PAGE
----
Adnexal masses are lumps that occur in the adnexa of the uterus, which includes the uterus, ovaries, and fallopian tubes. They have several possible causes, which can be gynecological or nongynecological.
An adnexal mass could be:
A family doctor can usually manage benign masses. However, prepubescent and postmenopausal individuals will need to see a gynecologist or oncologist.
Malignant adnexal masses require treatment from a specialist.
In this article, we discuss the characteristics of adnexal masses. We also review how doctors diagnose and treat adnexal them.
People report different symptoms, depending on the cause of the adnexal mass.
People with an adnexal mass may report:
- severe lower abdominal or pelvic pain that is usually on one side
- abnormal bleeding from the uterus
- pain during sexual intercourse
- worsening pain during a period
- painful periods
- abnormally heavy bleeding during periods
- abdominal symptoms, including a feeling of fullness, bloating, constipation, difficulty eating, increased abdominal size, indigestion, nausea, and vomiting
- urinary urgency, frequency, or incontinence
- weight loss
- lack of energy
- vaginal discharge
Different causes of adnexal masses may have similar symptoms, so doctors usually conduct further investigations to determine the exact cause.
Once the doctor has worked out the cause of the adnexal mass, they can recommend treatment and management.
Adnexal masses include a variety of different conditions that range in severity from benign growths to malignant tumors.
The cause of adnexal masses could be gynecological or nongynecological.
Some of the causes of adnexal masses include:
- Ectopic pregnancy: A pregnancy where the fertilized egg implants somewhere outside the uterus.
- Endometrioma: A benign cyst on the ovary that contains thick, old blood that appears brown.
- Leiomyoma: A benign gynecological tumor, also known as a fibroid.
- Ovarian cancer: These tumors of the ovary may be ovarian epithelial cancers that begin in the cells on the surface of the ovary or malignant germ cell cancers that begin in the eggs.
- Pelvic inflammatory disease: Inflammation of the upper genital tract, which includes the uterus, fallopian tubes, and ovaries. It occurs due to an infection.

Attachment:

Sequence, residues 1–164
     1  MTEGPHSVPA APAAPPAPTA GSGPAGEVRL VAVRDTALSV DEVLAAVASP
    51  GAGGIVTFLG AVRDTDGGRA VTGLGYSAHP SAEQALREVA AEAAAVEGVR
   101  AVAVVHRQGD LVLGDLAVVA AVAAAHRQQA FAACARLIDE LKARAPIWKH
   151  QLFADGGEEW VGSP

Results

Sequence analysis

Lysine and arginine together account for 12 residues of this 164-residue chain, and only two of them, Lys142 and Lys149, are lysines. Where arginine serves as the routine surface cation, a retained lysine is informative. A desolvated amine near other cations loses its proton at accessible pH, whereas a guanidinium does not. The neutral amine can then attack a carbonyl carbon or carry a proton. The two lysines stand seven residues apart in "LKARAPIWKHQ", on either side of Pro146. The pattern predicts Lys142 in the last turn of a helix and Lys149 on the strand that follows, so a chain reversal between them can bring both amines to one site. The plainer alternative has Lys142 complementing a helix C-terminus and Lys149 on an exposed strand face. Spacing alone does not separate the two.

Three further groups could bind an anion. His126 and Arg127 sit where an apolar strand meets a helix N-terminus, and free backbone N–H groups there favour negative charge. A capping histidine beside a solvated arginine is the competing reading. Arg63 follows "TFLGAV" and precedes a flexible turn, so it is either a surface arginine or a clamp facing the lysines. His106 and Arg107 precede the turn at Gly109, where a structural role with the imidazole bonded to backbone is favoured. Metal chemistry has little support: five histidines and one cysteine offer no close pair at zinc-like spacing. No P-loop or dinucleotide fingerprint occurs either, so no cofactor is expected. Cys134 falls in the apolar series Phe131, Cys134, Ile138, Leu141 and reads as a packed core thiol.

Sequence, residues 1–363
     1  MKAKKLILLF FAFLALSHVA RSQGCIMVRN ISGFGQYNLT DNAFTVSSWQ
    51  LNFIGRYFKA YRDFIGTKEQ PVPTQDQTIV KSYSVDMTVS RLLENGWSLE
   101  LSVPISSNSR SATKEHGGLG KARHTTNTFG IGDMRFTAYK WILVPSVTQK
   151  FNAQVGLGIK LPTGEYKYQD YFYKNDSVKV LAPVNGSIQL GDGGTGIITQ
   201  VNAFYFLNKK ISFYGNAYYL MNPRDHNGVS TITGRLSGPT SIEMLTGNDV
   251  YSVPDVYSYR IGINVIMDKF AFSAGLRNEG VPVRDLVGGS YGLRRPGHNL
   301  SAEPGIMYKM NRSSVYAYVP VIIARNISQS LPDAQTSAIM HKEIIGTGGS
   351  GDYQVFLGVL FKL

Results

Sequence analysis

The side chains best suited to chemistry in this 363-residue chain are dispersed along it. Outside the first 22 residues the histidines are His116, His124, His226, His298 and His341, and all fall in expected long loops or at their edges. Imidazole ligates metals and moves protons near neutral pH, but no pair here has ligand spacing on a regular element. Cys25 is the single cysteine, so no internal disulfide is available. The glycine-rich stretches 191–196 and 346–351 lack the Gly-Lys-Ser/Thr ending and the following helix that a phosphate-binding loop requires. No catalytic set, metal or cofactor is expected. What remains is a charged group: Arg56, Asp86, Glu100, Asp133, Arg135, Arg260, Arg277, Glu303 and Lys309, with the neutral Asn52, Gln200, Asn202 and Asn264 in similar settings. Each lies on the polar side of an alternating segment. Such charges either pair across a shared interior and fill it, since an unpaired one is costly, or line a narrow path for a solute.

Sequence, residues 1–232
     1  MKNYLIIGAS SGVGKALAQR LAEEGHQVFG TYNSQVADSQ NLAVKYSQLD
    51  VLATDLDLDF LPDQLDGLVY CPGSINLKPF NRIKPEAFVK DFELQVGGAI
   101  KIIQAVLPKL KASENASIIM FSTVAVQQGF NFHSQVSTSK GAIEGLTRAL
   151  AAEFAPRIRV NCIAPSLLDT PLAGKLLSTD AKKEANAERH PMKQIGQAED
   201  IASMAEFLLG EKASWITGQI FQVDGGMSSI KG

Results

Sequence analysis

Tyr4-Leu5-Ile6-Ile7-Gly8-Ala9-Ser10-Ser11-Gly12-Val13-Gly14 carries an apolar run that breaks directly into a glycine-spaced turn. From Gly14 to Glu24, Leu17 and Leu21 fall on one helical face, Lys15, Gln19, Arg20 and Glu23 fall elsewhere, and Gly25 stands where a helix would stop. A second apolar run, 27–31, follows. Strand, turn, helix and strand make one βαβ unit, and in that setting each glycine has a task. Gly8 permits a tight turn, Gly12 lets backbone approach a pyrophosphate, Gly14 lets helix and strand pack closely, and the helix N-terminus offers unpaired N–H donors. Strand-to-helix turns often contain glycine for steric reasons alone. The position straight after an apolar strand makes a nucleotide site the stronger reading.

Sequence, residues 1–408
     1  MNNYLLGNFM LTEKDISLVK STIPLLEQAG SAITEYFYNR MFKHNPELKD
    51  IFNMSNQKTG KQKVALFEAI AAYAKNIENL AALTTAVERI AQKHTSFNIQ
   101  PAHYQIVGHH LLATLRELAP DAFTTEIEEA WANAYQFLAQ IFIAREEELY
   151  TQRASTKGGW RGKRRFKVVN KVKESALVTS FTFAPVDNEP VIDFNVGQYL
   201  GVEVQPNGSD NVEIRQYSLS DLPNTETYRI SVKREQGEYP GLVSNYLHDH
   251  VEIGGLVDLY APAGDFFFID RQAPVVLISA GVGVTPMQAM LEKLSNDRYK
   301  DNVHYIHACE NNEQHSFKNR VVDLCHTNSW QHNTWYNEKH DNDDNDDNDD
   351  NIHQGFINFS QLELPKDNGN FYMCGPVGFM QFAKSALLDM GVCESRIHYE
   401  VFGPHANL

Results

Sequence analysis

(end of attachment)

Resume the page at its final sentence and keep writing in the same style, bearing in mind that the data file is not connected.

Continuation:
- Tubo-ovarian abscess: An infectious adnexal mass that forms because of pelvic inflammatory disease.
- Ovarian torsion: A gynecological emergency involving a complete or partial rotation of the tissue that supports the ovary, which cuts off blood flow to the ovary.
A doctor may diagnose an adnexal mass by:
- taking a complete medical history
- asking questions about symptoms
- conducting a physical examination
- obtaining blood samples
Most of the time, people will need a transvaginal ultrasound to allow doctors to evaluate the characteristics of an adnexal mass.
Females who have had a positive pregnancy test result and report abdominal or pelvic pain and vaginal bleeding might have an ectopic pregnancy. An ovarian torsion causes sudden, severe pain with nausea and vomiting. Immediate medical attention is necessary to treat both an ectopic pregnancy and ovarian torsion.
People with pelvic inflammatory disease or a tubo-ovarian abscess may experience gradual pelvic pain with nausea and vaginal bleeding.
Early ovarian cancer may sometimes present with nonspecific symptoms. Sometimes, doctors may only detect cancer when the tumor has become malignant.
Malignant tumors may have one or several of the following characteristics:
- a solid component of the tumor
- parts of the tumor have thick divisions larger than 2–3 centimeters separating them
- they are present on both sides of the reproductive tract
- the presence of fluid filled lumps